You’ve probably heard this term: “a prompt for ChatGPT” or “prompt engineering.” What does it mean?
First, let me make this into an SAT question: “Prompting is to a generative AI system what a command is to a traditional computer programme.”
Now that I have not only made everything more murky but also given you light PTSD from your high school days, I’ll explain.
In traditional computer programming, a command is an order (an instruction) given to a programme for it to execute something. Like “turn right 90 degrees” (I’m using LOGO here for my example, because I am an 1980’s kid). A command has to be provided in the specific computer syntax that the programme expects — meaning that even a typo would derail things and the command would fail.
Prompting is the term we use for issuing commands to generative AI systems. From a lexical perspective, the choice of the term “prompting” is correct in that it’s less a literal direct order but rather an attempt at driving the system in a certain direction.
And the reason this is less direct and literal is that prompting takes place in natural language — natural language, in computer terms, is the language of humans (regardless of their speaking tongue). So the upside is the human trying to interact with the programme does not have to speak a computer language, and the human also doesn’t need to think about the order of operation for carrying out the prompt.
What it does mean, however, is that we are shifting some amount of work to the computer system. What a computer command does in traditional computing leaves no room for ambiguity. But prompting an AI means the AI first has to parse your prompt, work it through its engines to “understand” it, and then actually execute it.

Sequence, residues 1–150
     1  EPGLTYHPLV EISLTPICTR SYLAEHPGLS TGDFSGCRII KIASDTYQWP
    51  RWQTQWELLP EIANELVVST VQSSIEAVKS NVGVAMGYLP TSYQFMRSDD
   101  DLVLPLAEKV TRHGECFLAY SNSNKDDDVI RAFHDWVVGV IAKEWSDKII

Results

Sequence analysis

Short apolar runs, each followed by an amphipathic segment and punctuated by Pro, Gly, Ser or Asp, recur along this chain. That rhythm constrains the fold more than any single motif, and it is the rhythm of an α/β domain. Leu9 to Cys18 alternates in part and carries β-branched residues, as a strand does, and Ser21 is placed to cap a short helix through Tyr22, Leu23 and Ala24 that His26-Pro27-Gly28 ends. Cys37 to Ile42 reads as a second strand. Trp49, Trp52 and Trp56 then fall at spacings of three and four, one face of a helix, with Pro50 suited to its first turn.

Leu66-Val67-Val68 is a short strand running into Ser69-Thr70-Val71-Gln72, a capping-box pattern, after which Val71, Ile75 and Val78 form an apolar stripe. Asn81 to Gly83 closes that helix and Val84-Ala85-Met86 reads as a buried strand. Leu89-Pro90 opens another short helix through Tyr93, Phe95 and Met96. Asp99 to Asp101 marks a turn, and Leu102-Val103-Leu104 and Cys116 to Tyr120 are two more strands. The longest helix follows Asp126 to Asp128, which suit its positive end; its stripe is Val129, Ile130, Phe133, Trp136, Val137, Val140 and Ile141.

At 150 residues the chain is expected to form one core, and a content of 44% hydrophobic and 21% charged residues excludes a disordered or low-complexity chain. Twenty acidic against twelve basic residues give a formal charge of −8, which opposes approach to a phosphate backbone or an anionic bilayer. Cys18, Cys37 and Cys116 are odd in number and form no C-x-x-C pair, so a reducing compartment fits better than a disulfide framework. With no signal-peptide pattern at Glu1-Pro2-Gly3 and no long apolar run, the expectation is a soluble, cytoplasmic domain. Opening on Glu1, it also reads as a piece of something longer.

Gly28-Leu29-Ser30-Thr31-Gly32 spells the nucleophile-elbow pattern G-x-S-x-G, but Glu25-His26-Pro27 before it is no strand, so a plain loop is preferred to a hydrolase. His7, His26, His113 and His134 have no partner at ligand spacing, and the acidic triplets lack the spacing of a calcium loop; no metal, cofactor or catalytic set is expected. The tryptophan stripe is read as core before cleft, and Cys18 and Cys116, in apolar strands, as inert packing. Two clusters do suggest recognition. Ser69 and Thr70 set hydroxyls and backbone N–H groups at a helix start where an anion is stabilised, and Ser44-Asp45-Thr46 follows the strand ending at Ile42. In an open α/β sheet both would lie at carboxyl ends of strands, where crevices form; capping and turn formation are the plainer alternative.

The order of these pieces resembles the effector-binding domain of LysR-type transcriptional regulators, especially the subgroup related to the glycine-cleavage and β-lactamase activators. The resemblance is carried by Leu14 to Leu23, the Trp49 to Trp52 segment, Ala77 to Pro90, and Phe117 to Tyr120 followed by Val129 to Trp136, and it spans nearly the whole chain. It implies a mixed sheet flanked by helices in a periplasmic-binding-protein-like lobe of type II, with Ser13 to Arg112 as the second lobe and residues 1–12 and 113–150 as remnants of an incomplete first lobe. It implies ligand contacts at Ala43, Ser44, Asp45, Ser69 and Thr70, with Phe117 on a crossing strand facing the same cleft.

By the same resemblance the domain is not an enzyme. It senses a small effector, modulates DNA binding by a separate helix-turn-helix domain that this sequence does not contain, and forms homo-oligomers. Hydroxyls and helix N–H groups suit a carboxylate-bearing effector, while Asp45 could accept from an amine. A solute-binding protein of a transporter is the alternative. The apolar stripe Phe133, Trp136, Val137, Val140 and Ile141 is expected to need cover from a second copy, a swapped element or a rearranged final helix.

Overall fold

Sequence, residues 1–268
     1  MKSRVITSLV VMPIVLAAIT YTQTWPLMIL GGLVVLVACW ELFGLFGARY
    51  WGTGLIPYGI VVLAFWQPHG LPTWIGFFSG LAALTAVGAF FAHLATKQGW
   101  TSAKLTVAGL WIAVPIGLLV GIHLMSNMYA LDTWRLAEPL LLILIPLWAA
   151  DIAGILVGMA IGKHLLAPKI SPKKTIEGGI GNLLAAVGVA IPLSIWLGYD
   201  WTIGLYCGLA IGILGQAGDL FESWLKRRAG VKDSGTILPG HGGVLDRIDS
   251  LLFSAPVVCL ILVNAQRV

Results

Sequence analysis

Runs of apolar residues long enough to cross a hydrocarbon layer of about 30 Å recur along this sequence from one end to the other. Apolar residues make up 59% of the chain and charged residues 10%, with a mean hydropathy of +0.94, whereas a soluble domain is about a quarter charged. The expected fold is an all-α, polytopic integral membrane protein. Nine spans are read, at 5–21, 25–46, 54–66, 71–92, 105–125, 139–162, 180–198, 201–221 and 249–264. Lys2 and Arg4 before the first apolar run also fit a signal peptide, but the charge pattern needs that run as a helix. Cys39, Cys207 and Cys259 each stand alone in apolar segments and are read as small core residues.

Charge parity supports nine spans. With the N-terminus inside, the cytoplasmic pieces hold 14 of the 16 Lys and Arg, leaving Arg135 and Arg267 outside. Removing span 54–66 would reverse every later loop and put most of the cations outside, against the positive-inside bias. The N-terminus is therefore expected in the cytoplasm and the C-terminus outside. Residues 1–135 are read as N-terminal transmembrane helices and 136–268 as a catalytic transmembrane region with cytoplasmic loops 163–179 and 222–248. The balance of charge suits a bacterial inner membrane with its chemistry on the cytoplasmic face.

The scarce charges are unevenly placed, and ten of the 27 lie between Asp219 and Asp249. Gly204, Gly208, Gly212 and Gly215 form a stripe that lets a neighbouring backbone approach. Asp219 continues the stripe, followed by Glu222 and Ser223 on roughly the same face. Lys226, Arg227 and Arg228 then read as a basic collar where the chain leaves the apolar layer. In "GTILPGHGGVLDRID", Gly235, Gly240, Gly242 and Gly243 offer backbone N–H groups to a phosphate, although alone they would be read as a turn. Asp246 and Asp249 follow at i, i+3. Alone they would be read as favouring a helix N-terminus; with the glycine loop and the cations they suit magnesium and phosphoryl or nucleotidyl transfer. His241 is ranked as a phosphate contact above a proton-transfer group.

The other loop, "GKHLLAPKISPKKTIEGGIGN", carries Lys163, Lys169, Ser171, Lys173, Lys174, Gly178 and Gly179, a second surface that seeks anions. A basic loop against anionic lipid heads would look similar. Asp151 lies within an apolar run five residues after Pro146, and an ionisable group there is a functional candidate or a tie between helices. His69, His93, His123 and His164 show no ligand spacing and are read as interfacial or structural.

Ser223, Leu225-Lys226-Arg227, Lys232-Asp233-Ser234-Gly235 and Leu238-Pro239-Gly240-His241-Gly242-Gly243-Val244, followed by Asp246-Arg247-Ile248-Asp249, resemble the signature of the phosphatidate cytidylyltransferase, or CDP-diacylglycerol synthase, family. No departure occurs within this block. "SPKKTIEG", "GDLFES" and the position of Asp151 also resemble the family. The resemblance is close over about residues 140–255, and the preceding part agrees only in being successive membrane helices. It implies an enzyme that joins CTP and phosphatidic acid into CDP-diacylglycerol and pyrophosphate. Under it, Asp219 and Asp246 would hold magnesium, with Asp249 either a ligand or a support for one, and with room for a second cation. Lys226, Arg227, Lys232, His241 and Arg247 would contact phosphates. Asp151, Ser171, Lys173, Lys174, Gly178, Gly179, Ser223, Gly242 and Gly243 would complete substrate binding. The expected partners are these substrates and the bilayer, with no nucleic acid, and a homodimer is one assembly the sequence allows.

You can readily appreciate that there will clearly be many opportunities for misunderstanding between the human giving the prompt and what the system will do as it tries to figure out what the human wants it to do.
As a result, the art of prompting is really disambiguating what humans would generally infer from context they already know or can infer into straightforward and ambiguous language that a computer will find complete enough and unambiguous enough that it will be able to properly understand what is being asked.
Sometimes, more advanced prompt engineering may involve explaining what way-station tasks the AI should take to carry out the prompt. For example, when Ippen.Media looked for ways to include quotes in their summaries, they broke down the task into, first, extracting quotes from the text and keeping them in memory, then summarising and including these quotes where appropriate. Asking the system to do everything in one prompt proved a non-starter. But setting the job through a series of prompts of more discrete complexity allowed Ippen to tackle the challenge.
For more: Here’s an in-depth dive into prompting, from Microsoft (written for non-technical humans).
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